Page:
SQ317
Posts: 133
Joined: Sat Feb 10, 2018 2:16 pm

Re: Southern African & Indian Ocean Aviation Thread - 2020

Tue May 05, 2020 10:41 am

mr02 wrote:
SQ317 wrote:
mr02 wrote:
What aircraft do you guys think the "new" saa will use after it gets back? There will be a lot of cheap 2nd hand A350,787s and new stored A350,787. BTW,why doesn't SAA consider the 787 as an aircraft to use.


I could be wrong, but I'm not sure the B789 has the takeoff performance they require from JNB on some of the very long routes they operate (eg JFK). Whether that will be important for the new SAA is another matter

Yeah doesn't ADD have a higher elevation than JNB? ET flies to the far east with the 787 if I can remember correctly;although with stop over. Why can't SAA do the same?


Bear in mind ADD-Far East is much shorter distances, around the 5000 miles mark give or take. Again I could have remembered incorrectly - the B789 is clearly fine for longer routes like LHR-JNB (Virgin Atlantic) but N.American destinations are that much further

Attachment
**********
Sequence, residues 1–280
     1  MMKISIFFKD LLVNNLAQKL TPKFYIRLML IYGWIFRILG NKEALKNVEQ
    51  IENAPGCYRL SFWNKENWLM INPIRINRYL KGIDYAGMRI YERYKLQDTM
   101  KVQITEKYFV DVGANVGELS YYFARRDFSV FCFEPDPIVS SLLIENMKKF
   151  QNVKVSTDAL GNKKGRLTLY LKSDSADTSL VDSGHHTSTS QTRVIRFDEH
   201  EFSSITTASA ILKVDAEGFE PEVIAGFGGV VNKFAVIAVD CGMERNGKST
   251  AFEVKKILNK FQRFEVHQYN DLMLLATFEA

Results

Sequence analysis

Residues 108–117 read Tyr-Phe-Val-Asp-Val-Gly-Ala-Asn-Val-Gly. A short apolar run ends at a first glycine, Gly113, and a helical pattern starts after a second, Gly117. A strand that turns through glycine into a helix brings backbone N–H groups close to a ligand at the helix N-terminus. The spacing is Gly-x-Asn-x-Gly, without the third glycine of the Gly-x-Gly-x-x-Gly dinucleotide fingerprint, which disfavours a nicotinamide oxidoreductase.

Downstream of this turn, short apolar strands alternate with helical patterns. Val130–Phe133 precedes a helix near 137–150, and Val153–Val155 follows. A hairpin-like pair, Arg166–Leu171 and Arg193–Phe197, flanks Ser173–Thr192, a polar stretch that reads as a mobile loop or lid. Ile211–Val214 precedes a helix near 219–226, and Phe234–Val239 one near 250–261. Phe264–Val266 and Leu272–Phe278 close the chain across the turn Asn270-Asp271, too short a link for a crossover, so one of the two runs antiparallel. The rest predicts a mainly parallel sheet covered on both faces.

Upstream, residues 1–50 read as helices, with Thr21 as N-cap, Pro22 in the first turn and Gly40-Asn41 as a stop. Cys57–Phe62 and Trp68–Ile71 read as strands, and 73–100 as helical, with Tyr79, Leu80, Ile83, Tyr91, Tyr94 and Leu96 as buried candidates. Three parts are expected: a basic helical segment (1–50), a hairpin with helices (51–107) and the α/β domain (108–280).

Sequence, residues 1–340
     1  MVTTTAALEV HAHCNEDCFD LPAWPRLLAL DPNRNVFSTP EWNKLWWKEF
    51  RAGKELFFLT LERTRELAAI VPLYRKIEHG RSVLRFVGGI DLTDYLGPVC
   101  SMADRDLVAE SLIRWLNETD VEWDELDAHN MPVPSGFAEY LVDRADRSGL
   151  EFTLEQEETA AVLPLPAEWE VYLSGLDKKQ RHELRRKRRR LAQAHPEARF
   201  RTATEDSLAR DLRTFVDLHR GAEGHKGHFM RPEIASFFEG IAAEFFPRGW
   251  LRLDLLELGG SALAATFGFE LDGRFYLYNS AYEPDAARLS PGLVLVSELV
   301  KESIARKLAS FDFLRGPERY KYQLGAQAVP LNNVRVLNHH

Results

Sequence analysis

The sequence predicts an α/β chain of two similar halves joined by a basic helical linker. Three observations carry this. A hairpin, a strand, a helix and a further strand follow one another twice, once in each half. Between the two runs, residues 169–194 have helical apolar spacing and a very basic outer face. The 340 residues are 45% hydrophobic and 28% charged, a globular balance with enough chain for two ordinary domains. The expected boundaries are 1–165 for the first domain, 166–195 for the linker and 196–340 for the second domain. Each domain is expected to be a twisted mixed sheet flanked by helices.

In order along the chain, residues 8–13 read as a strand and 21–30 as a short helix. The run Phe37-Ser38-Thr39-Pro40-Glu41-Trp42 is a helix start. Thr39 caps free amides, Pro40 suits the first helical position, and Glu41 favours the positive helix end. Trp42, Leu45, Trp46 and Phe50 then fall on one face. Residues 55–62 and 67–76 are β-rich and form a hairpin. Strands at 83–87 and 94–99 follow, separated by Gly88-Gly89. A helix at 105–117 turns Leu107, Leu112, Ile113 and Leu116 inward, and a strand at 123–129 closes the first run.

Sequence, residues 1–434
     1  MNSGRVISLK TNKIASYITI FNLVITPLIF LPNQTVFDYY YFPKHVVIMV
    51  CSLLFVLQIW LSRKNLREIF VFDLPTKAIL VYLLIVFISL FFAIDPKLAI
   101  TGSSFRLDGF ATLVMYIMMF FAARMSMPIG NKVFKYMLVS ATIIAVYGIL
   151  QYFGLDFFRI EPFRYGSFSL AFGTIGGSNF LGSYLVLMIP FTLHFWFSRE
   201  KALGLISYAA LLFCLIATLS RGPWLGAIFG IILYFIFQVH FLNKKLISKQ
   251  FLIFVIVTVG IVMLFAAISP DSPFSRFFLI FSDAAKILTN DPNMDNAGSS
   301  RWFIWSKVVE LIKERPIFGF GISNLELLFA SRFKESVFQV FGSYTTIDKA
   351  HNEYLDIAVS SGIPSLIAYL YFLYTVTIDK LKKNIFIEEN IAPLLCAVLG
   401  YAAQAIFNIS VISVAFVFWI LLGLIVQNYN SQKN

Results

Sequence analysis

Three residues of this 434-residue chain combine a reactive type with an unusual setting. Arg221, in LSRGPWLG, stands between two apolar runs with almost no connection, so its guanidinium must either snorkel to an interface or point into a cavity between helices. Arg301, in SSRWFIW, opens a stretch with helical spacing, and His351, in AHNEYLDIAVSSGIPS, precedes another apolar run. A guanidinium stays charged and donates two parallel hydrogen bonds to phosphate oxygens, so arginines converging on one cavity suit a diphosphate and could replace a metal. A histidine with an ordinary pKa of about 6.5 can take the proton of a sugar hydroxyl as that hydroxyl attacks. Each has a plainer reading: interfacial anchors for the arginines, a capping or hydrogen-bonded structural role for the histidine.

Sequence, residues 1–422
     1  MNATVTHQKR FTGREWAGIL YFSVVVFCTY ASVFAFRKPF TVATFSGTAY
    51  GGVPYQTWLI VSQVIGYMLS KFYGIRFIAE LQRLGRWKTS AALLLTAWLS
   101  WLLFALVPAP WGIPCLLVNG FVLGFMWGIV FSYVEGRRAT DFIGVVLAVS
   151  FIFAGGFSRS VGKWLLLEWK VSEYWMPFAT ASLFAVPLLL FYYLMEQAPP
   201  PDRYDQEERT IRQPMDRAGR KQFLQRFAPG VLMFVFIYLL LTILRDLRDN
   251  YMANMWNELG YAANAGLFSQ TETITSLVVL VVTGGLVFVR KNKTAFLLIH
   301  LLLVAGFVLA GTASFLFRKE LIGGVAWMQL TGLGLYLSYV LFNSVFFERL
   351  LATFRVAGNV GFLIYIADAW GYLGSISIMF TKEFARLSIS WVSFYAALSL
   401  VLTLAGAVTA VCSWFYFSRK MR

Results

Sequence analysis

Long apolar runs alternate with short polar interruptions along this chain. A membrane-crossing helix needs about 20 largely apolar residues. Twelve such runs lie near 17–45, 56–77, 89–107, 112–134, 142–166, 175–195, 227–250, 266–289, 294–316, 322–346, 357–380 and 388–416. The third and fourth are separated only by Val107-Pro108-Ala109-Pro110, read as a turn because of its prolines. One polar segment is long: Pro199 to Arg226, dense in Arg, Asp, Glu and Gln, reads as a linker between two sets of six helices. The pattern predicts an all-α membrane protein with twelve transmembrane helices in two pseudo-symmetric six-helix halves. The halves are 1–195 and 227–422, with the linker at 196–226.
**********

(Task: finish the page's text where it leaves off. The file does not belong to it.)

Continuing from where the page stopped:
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PM
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Joined: Wed Feb 09, 2005 5:05 pm

Re: Southern African & Indian Ocean Aviation Thread - 2020

Tue May 05, 2020 3:17 pm

Air Namibia will be resuming domestic flights from 13th May.

https://www.namibian.com.na/90772/read/ ... ic-flights
 
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eastafspot
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Re: Southern African & Indian Ocean Aviation Thread - 2020

Thu Jul 09, 2020 9:22 am

PM wrote:
Air Namibia will be resuming domestic flights from 13th May.


Does the end is near for Air Namibia?
Recent news suggest this option...
Fly with Air Burundi, Air Tanzania, Golden Wings Aviation, Kenya Airways, RwandAir and Uganda Airlines...Jumuiya ya Afrika mashariki !
 
Breathe
Posts: 662
Joined: Sat Mar 18, 2017 8:06 pm

Re: Southern African & Indian Ocean Aviation Thread - 2020

Thu Jul 09, 2020 1:56 pm

Air Mauritius has put 5 aircraft up for sale:

2 x A340-300s (MSNs 194 and 268)
1 x A330-200 (MSN 1057)
2 x A319s (MSNs 1592 and 1936)

https://www.flightglobal.com/fleets/air ... 03.article
 
KingOrGod
Posts: 154
Joined: Mon Jan 16, 2017 3:19 pm

Re: Southern African & Indian Ocean Aviation Thread - 2020

Fri Jul 10, 2020 9:36 pm

mr02 wrote:
seat64k wrote:
mr02 wrote:
but that would have to start at school.